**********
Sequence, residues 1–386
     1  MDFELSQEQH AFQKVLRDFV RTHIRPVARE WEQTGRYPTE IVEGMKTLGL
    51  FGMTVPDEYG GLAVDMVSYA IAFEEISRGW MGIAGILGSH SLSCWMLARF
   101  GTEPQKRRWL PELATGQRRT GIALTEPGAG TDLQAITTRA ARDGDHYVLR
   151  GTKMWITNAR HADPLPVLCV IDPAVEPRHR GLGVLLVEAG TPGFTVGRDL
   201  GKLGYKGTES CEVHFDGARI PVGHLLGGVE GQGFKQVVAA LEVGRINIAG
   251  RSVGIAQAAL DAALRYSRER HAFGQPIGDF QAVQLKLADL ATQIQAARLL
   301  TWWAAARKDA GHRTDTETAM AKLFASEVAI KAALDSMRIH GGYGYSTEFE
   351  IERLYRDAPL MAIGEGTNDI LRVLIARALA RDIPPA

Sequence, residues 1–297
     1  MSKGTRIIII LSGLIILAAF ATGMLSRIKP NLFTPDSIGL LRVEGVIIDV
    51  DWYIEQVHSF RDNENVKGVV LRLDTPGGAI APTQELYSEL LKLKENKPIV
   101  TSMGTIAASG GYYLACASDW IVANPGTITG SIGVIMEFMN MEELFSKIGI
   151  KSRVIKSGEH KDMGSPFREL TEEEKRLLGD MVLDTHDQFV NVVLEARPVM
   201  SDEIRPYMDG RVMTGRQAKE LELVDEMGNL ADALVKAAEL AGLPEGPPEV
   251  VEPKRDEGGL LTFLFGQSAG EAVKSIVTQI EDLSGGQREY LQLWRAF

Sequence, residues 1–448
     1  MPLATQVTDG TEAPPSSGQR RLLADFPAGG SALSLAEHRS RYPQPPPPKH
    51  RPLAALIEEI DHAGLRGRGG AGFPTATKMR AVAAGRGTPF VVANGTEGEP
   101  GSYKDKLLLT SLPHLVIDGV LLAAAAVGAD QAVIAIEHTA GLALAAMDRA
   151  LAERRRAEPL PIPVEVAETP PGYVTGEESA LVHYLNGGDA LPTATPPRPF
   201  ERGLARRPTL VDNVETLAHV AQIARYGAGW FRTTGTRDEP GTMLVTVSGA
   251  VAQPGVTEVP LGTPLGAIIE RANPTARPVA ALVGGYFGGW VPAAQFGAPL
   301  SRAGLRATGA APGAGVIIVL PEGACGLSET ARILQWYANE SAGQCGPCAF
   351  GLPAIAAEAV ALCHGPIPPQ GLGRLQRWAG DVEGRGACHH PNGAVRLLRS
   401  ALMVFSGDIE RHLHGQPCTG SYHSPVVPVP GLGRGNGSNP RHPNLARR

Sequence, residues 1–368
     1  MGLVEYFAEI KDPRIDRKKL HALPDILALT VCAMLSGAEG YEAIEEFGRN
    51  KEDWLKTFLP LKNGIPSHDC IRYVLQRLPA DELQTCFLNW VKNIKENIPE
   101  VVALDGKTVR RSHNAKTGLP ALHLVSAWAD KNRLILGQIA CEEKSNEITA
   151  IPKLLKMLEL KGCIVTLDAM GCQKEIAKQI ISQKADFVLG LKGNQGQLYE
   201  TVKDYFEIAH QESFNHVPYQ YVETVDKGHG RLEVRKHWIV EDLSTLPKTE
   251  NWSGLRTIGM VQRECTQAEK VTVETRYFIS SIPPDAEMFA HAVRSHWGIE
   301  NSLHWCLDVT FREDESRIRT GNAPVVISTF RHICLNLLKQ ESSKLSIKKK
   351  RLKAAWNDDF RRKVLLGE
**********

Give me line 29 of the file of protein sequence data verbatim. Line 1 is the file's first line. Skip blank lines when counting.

    51  KEDWLKTFLP LKNGIPSHDC IRYVLQRLPA DELQTCFLNW VKNIKENIPE